Nicolas cage won the Oscar for Best Actor in March 1996 for his unforgettable portrayal of a suicidal drunk in ‘Leaving Las Vegas’But Hollywood had already noticed his possibilities as an action hero before that happened. Just over two months later, ‘La Roca’ hit theaters, a great success that triggered Cage’s career and also that of the director Michael Bay.
The paths of both never crossed again, but the actor did continue to explore that facet immediately, because in 1997 he premiered both ‘Con Air (Convicts in the air)’ and ‘Face to face’, two modern classics of the genre that ended up raising him as the new great Hollywood star. Today, taking advantage of its broadcast on Paramount Network tonight starting at 10:45 p.m., we are going to focus on the first one.
A little miracle
After a brief prologue focused on introducing Cameron Poe (Cage) so that we know both what he is capable of and why he has been imprisoned for several years, ‘Con Air (Convicts in the air)’ takes very soon to start to tell us how a transfer of prisoners is complicated and ends with it by controlling the plane that was transporting them.
From there, the film could have opted for a more or less conventional heroic approach, but the truth is that there is a playful spirit at all times that leads the film to flirt with the delusional at all times. In this way, it arises an unrepeatable cocktail in which Cage himself stands as an essential ingredient.
If in ‘The Rock’ he was a bit of an unlikely hero, he would have ended up dead on several occasions had he not had the help of Sean ConneryHere the actor emerges as a kind of superman always with good intentions, but who does not take things too seriously either. Good proof of this is everything related to the stuffed bunny that you want to give your daughter.
Cage gives the character of an unquestionable humanity but at the same time he exhibits perhaps the best physical form of his entire career so that having to deal with a multitude of prisoners willing to do almost anything does not end up being a headless nonsense.
Furthermore, the presence of John Cusack It serves so that it is not necessary to influence more than necessary in the more honorable side of Poe and that he can move like fish in the water while totally impossible situations take place. He is the mainstay of ‘Con Air (Convicts in the air)’, but watch out for his co-stars, especially among those who give life to some of the prisoners.
From the unprecedented that is everything related to Steve Buscemi, so much so that to this day it still seems to me a miracle that no one said that it had to be eliminated from the film, until a John Malkovich embroidering a lousy baddie who never fully understood due to the constant changes in the script. That does not mean that he is fantastic as the great villain of the function.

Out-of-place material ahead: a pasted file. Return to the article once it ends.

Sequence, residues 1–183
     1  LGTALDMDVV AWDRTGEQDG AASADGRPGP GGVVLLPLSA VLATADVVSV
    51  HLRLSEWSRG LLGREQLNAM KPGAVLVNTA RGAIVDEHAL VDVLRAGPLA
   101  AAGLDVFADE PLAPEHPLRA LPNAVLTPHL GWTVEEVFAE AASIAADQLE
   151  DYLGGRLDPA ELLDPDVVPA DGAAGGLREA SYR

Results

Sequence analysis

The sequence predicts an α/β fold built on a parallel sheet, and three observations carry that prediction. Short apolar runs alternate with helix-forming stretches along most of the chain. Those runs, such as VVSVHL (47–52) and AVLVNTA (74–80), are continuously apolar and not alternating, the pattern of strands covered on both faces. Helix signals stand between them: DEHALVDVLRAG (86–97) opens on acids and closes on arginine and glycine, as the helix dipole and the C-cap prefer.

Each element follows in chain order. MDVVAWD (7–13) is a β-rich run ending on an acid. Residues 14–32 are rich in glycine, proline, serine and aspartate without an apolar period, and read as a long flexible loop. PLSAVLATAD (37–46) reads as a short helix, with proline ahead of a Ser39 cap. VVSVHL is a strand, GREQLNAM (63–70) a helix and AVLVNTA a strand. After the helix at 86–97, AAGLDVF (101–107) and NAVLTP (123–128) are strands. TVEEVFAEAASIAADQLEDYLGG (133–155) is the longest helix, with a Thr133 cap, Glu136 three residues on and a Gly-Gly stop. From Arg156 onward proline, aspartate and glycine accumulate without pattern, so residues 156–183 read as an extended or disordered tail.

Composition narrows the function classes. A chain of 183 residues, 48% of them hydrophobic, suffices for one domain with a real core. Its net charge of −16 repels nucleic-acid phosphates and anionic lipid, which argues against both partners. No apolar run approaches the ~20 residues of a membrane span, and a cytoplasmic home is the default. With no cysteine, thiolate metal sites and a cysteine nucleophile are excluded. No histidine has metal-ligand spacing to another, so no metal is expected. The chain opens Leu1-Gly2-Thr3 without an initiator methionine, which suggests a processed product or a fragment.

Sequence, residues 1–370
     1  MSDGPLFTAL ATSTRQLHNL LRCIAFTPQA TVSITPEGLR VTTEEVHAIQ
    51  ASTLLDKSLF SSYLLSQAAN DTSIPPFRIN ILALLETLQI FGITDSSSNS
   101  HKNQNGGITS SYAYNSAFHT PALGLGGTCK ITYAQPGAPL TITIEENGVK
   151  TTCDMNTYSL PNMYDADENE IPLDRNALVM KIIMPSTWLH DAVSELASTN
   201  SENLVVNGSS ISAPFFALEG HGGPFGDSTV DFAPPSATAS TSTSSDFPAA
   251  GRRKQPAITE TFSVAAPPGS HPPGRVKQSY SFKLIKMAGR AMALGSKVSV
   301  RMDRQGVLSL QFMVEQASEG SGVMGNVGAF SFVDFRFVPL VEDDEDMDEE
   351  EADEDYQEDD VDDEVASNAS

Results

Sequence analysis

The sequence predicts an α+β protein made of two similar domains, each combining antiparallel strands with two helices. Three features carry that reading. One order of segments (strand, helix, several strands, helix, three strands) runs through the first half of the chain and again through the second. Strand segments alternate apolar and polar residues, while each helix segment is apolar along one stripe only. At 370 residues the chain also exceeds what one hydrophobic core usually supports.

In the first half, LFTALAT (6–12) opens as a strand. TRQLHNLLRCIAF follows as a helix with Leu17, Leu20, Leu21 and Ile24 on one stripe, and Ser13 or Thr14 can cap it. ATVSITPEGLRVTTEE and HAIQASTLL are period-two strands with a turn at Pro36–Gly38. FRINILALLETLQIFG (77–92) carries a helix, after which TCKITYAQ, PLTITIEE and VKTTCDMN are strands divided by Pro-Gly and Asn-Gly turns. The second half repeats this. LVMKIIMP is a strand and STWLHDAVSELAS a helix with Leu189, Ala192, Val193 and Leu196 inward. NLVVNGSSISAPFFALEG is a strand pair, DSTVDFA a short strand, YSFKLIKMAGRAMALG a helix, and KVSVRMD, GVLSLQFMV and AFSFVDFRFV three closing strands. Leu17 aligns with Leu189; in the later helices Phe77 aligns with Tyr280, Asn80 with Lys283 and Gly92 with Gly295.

There is something also refreshing in that slightly crazy tone that flies over at all times by ‘Con Air (Convicts in the air)’. It is as if he always needed to take another step to end up almost falling into the cartoonish but without it ever happening, and even seeking to endow the whole with a commendable conviction. Perhaps that was what attracted the project to Jerry Bruckheimer, being the first film he produced after putting an end to his professional relationship with Don simpson, who would pass away even before finishing their last job together.
The icing on the cake was put by the debutante’s staging work Simon West, who had been making video clips and advertising spots for several years. It is true that there is some spectacular situation -especially in his explosive last act-, but also that at all times he shows an enviable clarity when planning action scenes and executing them. Sure that Cage’s great involvement helped to shoot most of his action scenes and that Bruckheimer would tie him short, but we are not going to detract from his work for that.
‘Con Air (Convictos en al aire)’ achieved worldwide revenues of $ 224 million versus a cost of $ 75 million. It was an unquestionable success despite being the lowest grossing of Cage’s “trilogy” of action films and from time to time there is even talk of a possible sequel in space. It no longer sounds so absurd after ‘Fast & Furious 9’, but for my part I think it doesn’t make much sense to do it anymore.